# Import libraries
import os
import pandas as pd
from sklearn.model_selection import train_test_split
import tensorflow as tf
from tensorflow.python.keras.layers import Dense
from tensorflow.python.keras.models import Sequential
from tensorflow.python.keras.initializers import RandomUniform
import keras
import matplotlib.pyplot as plt

# Set values for clean data visualization
labelsize 	= 12
width 		= 5
height 		= width / 1.618

plt.rc('font', family ='serif')
plt.rc('text', usetex = True)
plt.rc('xtick', labelsize = labelsize)
plt.rc('ytick', labelsize = labelsize)
plt.rc('axes', labelsize = labelsize)

# Import refined dataSet
datasrc  = 'MasterData.csv'
essentialdata = pd.read_csv('Data/'+datasrc, low_memory=False).dropna()
essentialdata = essentialdata.replace({'Speech': 0, 'Music': 1})
essentialdata = essentialdata.sample(frac=1)
features = essentialdata.drop(['Filename', 'Label'], axis=1).values
labels = essentialdata.loc[:,['Label']].values

# Perform Train-Test Split
X_train, X_test, y_train, y_test = train_test_split(features, labels, test_size=0.2, shuffle = True)

# Define the Neural Network Model
def create_model():
	model = Sequential()

	model.add(Dense(64, activation = 'relu', input_shape= X_train[0].shape))
	model.add(Dense(512, kernel_initializer=RandomUniform(minval=-0.05, maxval=0.05),
	model.add(Dense(128, activation = 'relu', 
	model.add(Dense (128, activation = 'relu',
	model.add(Dense (64, activation = 'relu', 
	model.add(Dense(2, kernel_initializer=RandomUniform(minval=-0.05, maxval=0.05),


	return model

# Create a basic model instance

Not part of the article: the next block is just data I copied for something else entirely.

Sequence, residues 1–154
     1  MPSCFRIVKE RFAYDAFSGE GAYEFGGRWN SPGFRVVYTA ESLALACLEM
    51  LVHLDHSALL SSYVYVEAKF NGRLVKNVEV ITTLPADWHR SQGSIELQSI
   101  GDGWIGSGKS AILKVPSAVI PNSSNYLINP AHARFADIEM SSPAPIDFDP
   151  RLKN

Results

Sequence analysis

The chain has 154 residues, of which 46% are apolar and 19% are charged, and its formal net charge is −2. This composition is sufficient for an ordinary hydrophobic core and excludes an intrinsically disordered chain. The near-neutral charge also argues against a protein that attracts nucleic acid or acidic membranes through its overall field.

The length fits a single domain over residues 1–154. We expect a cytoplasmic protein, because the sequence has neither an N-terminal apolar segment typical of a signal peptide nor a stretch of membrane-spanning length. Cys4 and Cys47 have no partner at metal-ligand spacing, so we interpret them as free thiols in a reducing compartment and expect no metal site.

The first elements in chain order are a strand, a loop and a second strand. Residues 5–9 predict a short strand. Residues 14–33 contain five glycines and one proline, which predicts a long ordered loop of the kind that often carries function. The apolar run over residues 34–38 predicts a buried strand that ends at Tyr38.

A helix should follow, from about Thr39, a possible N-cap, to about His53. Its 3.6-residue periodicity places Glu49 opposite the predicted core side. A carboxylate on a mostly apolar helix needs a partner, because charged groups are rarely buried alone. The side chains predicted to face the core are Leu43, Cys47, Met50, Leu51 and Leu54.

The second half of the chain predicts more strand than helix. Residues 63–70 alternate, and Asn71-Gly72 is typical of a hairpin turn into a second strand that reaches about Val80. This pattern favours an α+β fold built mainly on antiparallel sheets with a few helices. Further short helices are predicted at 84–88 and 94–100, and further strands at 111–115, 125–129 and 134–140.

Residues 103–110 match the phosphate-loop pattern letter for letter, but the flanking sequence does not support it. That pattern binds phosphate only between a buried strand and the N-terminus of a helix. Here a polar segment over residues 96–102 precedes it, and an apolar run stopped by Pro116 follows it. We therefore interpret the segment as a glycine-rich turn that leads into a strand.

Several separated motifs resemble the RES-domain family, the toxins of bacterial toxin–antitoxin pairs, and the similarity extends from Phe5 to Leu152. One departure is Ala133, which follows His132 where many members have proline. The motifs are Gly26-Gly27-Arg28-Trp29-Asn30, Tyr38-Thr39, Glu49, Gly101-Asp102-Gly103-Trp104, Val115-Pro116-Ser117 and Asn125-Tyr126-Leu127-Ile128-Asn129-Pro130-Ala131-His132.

model = create_model()

# Give path to the location where trained model is to be saved
checkpoint_path = "./TrainedModel/"
checkpoint_dir = os.path.dirname(checkpoint_path)

# Create a callback that saves the model's weights
cp_callback = tf.keras.callbacks.ModelCheckpoint(filepath=checkpoint_path,

# Train the model with callback
history =, 
	batch_size = 32,
	epochs = 20, 
	validation_split = 0.20,

# Load Saved Model
modeltoDeploy = create_model()

# Loads the weights
checkpoint_path = "./TrainedModel/"
checkpoint_dir = os.path.dirname(checkpoint_path)
ndatapoints = features.shape[0]

# Re-evaluate the model
loss, acc = modeltoDeploy.evaluate(X_test, y_test, verbose=2)
stats = "Restored model, accuracy: {:5.2f}\% on {} data points".format(100 * acc, ndatapoints)

# Plot the loss graph
fig1, ax 	= plt.subplots()
fig1.subplots_adjust(left=.16, bottom=.2, right=.99, top=.90)

plt.legend(['Training', 'Validation'], loc='upper left')
fig1.set_size_inches(width, height)
plt.savefig('Graphs/Train_Valiation_Loss_'+str(ndatapoints)+'.png', dpi=300)

# Plot the accuracy graph
fig2, ax 	= plt.subplots()
fig1.subplots_adjust(left=.16, bottom=.2, right=.99, top=.97)

plt.legend(['Training', 'Validation'], loc='upper right')
fig2.set_size_inches(width, height)
plt.savefig('Graphs/Train_Valiation_Accuracy_'+str(ndatapoints)+'.png', dpi=300)